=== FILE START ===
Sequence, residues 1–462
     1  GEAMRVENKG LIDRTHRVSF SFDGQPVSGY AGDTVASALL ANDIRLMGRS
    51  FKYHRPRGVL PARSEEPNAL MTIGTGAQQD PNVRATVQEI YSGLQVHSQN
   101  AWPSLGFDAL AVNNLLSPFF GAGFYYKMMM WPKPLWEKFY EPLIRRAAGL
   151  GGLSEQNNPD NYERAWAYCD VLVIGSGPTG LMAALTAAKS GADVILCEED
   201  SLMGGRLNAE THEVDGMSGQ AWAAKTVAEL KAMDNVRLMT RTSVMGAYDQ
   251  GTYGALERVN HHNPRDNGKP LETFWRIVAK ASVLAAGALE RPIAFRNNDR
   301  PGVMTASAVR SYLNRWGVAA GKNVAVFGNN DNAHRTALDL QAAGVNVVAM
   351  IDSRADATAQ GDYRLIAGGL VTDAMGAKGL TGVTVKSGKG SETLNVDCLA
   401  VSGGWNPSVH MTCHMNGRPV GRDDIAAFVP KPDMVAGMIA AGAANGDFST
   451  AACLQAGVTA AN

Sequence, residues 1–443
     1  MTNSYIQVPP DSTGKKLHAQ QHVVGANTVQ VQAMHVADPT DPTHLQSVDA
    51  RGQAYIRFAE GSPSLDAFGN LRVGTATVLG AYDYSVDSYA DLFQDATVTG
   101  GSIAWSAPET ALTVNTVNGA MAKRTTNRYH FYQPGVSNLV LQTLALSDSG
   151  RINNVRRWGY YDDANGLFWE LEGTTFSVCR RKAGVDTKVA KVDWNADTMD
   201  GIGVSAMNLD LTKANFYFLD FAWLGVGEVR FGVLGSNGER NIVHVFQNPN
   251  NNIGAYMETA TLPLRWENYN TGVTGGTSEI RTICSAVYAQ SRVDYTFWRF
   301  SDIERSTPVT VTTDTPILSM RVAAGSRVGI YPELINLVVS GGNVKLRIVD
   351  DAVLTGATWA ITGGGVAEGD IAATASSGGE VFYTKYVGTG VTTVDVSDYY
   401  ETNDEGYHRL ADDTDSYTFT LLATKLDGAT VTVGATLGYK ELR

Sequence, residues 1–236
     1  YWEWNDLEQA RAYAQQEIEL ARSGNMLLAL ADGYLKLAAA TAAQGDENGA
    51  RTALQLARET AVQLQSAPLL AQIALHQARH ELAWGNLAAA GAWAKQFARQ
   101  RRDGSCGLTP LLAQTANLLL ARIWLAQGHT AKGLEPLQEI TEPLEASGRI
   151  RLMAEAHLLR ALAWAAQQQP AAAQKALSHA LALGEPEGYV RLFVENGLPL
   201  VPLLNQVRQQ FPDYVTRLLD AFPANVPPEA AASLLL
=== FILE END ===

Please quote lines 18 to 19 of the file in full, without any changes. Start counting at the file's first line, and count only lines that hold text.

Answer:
   251  NNIGAYMETA TLPLRWENYN TGVTGGTSEI RTICSAVYAQ SRVDYTFWRF
   301  SDIERSTPVT VTTDTPILSM RVAAGSRVGI YPELINLVVS GGNVKLRIVD